The tech boom has made San Francisco’s real estate the most expensive in the nation. Tech companies, from startups to Fortune 500 firms, are cleaving more and more income for themselves out of the U.S. economy, mainly through advertising, smartphones, and tax shams. As the preferred domicile of the tech workforce, and now even as a choice address for tech offices, San Francisco’s housing and commercial space is in hot demand from buyers who have seemingly unlimited cash. This has pushed up prices considerably. Add the background effects caused by several years of bond buying by the U.S. Federal Reserve —the rise in all real estate values nationwide— and you’ve got a city where the median home price topped $1 million last year, and monthly rent for a one bedroom is averaging just shy of $3,000.
Into this maw of demand the developers are shoveling units and square feet. Take a look at the development pipeline (available online courtesy of the San Francisco Planning Department) and you’ll see a map of the 49 square miles of the city, much of it, especially the eastern half, is crowded with projects packing in housing, retail, and office footage. There’s 50,600 proposed units of housing coming to San Francisco. Approximately 27,000 of these housing units have already been approved by officials, with 6,100 currently under construction. Most of the housing being built is “market rate,” meaning that it’s priced for those who can afford to spend roughly $36,000 a year on rent, or who have a quarter million in cash to drop on a down payment. Despite the popular myth that “nimby” forces have retarded growth, San Francisco is a real estate development beast.
Beast is the operative word. Landlords, developers, and their lawyers are mauling thousands of lower-income renters. The crisis is displacement. The tech boom has conspired with rising housing prices to create an incredibly profitable incentive for landlords to push out low-income tenants and replace them with wealthy buyers, in spite of all the new units coming to market. The favorite tool, although it’s unclear how widely it’s used, is a quiet buyout, telling renters to just leave, and offering a tidy little cash sum to help them say yes. Maria Zamudio, a community organizers with Causa Justa, Just Cause, says many of these so-called “self evictions” are coerced. “Really when your landlord is calling you every night and pressuring you, is it really a choice to leave?,” Zamudio rhetorically asks.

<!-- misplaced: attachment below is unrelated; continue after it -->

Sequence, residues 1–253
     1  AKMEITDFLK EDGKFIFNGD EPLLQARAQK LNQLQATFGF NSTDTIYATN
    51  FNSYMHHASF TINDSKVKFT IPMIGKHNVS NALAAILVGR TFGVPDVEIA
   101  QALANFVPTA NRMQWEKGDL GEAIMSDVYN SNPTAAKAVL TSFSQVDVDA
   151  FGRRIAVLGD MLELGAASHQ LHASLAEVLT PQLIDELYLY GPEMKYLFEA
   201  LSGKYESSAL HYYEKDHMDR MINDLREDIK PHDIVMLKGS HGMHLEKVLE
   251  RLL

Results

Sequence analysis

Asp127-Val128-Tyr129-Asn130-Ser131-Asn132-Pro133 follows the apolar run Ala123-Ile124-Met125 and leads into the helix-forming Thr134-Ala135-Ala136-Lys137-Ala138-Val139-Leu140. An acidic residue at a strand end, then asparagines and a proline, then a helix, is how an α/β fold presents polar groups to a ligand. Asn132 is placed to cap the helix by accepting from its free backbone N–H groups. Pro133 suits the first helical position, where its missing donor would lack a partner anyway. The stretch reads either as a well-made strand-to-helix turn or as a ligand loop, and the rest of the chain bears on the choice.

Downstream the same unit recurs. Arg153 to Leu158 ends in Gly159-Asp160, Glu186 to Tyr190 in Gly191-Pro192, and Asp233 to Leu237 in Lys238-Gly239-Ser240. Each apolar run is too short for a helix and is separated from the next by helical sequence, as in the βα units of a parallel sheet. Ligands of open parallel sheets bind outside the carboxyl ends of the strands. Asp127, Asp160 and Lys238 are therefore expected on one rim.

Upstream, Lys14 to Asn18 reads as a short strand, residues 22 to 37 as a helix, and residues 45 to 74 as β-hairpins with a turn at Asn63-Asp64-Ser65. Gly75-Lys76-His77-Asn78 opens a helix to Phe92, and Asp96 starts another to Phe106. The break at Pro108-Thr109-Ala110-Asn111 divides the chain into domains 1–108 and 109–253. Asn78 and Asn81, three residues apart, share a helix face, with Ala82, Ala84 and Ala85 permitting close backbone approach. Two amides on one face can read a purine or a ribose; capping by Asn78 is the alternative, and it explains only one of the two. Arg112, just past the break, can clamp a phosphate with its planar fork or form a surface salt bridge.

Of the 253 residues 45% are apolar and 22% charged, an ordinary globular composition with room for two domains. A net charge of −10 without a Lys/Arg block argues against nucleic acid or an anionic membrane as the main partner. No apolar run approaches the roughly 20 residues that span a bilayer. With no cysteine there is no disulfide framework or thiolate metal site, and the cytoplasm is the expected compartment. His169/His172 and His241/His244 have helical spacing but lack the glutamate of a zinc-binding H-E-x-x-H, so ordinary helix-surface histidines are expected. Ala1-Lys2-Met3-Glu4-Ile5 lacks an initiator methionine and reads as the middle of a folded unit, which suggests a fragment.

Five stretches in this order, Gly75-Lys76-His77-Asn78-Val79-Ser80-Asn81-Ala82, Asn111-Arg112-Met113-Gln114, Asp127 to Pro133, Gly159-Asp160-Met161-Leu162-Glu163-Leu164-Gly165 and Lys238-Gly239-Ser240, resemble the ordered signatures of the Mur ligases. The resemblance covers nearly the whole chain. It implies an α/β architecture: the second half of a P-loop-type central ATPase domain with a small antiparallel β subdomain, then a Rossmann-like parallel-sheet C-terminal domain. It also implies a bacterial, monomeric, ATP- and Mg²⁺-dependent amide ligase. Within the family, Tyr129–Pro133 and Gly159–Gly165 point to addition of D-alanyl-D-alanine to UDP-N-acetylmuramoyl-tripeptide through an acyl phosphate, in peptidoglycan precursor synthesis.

But if they go on their volition, the renters go quietly into the night, and the landlord can do practically whatever they want with the apartment, or the building. They can jack up rents, or convert to condos, or go for the clean slate demolition to build taller and more luxurious. No one, not the city, nor the state, nor any community organization has a handle on how many of these kinds of evictions there are.
The increasingly common tool wealthy investors use to unlock value in San Francisco real estate is the Ellis Act. Speculative investors are buying small apartment buildings and invoking the 1986 law to remove rental buildings from the city’s housing stock. The Ellis Act is named after State Senator Jim Ellis, a conservative San Diego Republican who framed the law as a defense of beleaguered landlords who were just trying to keep Big Government off their backs. “Ellising” a building allows landlords to convert apartments into condos. During the Dotcom boom of the late 1990s and early 2000s there was a rash of Ellis Act evictions across San Francisco.
Ted Gullicksen of the San Francisco Tenants Union says Ellis Act evictions have risen this past year to another crisis point. “People are terrified,” he told a gathering of tenants and activists recently. “We know that if we lose our homes we will be forced out of the city, or in the worst case onto the streets.” According to Gullicksen Ellis Act evictions were up 140 percent in 2013 from the previous year.
The only problem for investors seeking to use the Ellis Act is that in San Francisco condo conversion was strictly controlled for years through a lottery that awarded only 200 permits a year. So instead many of the buildings emptied of their renters were converted into what’s called a tenancy-in-common, or TIC. TICs are an otherwise obscure and inconvenient form of real estate ownership, but it has become strangely common in San Francisco: such is the thirst to eliminate rentals and sell housing in a form that captures enormous profit through capital gains. In a TIC a buyer purchases a percentage interest of ownership in an entire building, concurrently with the other residents. Thus the property records of many buildings in San Francisco are now a tangle of deeds deeming small fractions of undivided ownership interests in whole parcels.
Because of their complexity and illiquidity, TICs are costlier and more difficult to finance than condos. The big banks and mortgage lenders don’t like them. In San Francisco a small group of banks have made financing TICs among their core business. Sterling Bank & Trust is among the top TIC lenders, and its executives and employees are a large source of campaign cash for San Francisco’s politicians. For Sterling Bank & Trust TICs are a multi-hundred million dollar market opportunity. Any restrictions would eat into profits, so the cash flows readily into political races.